By Roy Hay
Quite a surprise at the amount of media coverage of the retirement of a former Ayr United player given that he hasn’t turned out for the club since 1974. Also there has been little recognition of his visits to this country as a player in 1967 and as national team manager in 1985. These episodes were significant moments in the career of a man who went on to rewrite the record books as manager of Manchester United, which has hogged the major share of the panegyrics on his retirement.
As a boy Alex Ferguson wanted to play for Glasgow Rangers and after a spell at Queen’s Park and stints at St Johnstone and Dunfermline Athletic he joined the club in 1967. That year Celtic won the European Cup, Rangers reached the final of the European Cup-Winners Cup and Leeds United won the Inter-city Fairs Cup, the three major European trophies of the time. Earlier that season Scotland had been persuaded to send its international team to Australia, a major coup for the relatively new Australian Soccer Federation. Ferguson was still at Dunfermline when the team was selected. When the time came to leave for a nine-match tour in May 1967 which took in Israel, Hong Kong, Australia, New Zealand and Canada, the clubs involved in European competitions withdrew their stars. So the Scottish Football Association downgraded the international matches to ‘B’ rather than ‘A’ status and Fergie never received a full international cap. This has always rankled with the man and he devoted much of a chapter of his autobiography to the issue. Nevertheless he scored nine goals in seven games on the tour including both Scotland’s goals at Olympic Park in a two-nil win over Australia on 3 June 1967.
When he returned to Scotland Ferguson was transferred to Rangers where he scored 25 goals in 41 games. A change of manager occurred and Fergie was transferred to Falkirk and then as his career wound down Alastair MacLeod persuaded him to join Ayr United in 1973. MacLeod kept Ayr in the top division in Scotland with brilliant man-management and a unique incentive scheme. He handled spiky characters splendidly and got the best out of a collection of players who lacked the brilliance of some previous Ayr United teams. George ‘Dandy’ Maclean and Fergie were two of his entertainers with whom he had some immortal struggles. He and Ferguson—‘a real barrack-room lawyer’, according to MacLeod—had some blazing rows, but professional respect and slightly bizarre senses of humour kept them going. Ally left Ayr to manage Aberdeen and won their first trophy for seven years then took over as manager of Scotland. He recommended Ferguson as his successor at Aberdeen. That was where Fergie began piling up the trophies which led to his appointment as manager of Manchester United.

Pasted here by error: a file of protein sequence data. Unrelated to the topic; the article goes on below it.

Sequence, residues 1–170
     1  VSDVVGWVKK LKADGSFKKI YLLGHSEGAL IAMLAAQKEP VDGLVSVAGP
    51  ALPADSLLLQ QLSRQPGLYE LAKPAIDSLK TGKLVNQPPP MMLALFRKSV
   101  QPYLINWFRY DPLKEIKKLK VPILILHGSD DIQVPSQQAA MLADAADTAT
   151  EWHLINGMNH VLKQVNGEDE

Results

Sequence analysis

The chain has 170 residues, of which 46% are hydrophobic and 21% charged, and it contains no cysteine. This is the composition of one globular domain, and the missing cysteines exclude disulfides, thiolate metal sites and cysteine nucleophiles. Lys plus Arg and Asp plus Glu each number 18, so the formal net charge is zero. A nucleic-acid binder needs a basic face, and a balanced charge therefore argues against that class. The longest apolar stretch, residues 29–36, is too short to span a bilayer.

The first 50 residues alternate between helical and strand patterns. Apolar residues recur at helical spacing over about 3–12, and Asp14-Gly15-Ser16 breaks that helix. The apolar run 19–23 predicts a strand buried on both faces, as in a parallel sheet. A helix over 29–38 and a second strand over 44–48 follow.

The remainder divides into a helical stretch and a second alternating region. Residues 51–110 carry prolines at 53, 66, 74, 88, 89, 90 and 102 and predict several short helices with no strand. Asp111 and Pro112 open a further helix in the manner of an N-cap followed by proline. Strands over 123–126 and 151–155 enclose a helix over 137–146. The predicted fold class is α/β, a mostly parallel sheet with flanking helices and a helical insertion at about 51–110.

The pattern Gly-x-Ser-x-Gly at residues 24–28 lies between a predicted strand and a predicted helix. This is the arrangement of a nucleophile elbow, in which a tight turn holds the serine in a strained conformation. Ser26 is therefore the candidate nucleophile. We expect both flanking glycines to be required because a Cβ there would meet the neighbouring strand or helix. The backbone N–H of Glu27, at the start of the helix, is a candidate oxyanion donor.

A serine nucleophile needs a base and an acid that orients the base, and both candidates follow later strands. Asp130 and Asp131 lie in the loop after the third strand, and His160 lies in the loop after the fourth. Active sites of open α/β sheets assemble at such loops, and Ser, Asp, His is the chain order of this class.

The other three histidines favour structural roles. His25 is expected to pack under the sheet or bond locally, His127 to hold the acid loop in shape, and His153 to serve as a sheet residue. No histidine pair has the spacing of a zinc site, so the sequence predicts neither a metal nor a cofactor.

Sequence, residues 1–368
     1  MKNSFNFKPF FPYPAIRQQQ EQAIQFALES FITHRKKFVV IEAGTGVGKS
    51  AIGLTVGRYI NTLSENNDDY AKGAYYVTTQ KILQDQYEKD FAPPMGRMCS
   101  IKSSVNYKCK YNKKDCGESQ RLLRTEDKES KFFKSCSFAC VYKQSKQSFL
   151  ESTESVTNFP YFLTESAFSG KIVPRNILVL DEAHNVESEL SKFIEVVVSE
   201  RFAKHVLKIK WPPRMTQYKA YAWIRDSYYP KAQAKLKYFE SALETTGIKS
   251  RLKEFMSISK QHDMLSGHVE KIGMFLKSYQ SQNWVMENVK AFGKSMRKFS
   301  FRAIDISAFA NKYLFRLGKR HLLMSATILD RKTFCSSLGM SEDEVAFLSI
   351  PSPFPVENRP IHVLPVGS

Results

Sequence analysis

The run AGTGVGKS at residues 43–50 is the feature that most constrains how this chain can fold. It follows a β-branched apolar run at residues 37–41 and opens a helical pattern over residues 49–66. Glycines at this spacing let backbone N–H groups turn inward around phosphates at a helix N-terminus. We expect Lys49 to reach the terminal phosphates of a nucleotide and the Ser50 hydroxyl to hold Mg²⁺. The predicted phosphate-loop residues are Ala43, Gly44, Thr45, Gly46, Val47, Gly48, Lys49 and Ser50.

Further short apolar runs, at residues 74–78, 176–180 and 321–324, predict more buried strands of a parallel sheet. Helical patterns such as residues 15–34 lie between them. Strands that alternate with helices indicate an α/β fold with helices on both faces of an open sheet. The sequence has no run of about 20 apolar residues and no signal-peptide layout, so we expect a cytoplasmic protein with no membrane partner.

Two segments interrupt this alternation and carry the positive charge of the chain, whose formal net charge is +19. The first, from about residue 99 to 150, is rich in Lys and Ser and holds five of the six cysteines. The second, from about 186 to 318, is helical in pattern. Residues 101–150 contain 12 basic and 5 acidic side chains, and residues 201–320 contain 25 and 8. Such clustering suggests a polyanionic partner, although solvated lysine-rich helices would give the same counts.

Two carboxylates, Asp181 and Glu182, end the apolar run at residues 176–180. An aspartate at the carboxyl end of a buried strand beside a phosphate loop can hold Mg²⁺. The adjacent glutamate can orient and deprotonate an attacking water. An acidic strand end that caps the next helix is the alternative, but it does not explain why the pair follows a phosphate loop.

Always willing to learn, Ferguson buried the hatchet with the SFA and became assistant manager of the Scottish team under the legendary Jock Stein of Celtic. When Stein died following a heart attack at the end of a World Cup qualifying match in Wales in 1985, Ferguson took over as national coach. Scotland faced a two-leg play-off against Australia. My father-in-law died in November 1985 and my son was already in Scotland playing with the Victorian Country Under-13 team. So I took him to Hampden Park where he tried to outshout 60,000 Scots as the home team won the first leg two-nil. Frank Arok, the Australian coach, wanted the return game played on a bumpy pitch in Darwin at midday, but the ASF needed the money and decided it should take place on the bowling green surface at Olympic Park in the evening.
I sent Fergie a dossier on the Australian team and I still have his thank-you letter acknowledging it, but after the game when Australia just could not score against the Scots I realised that I had to reconsider my allegiance. So Scotland, not Australia, went to the World Cup in Mexico in 1986 and we had to wait another twenty years to qualify. Meantime Fergie was appointed manager of United, and the rest, as they say, is history.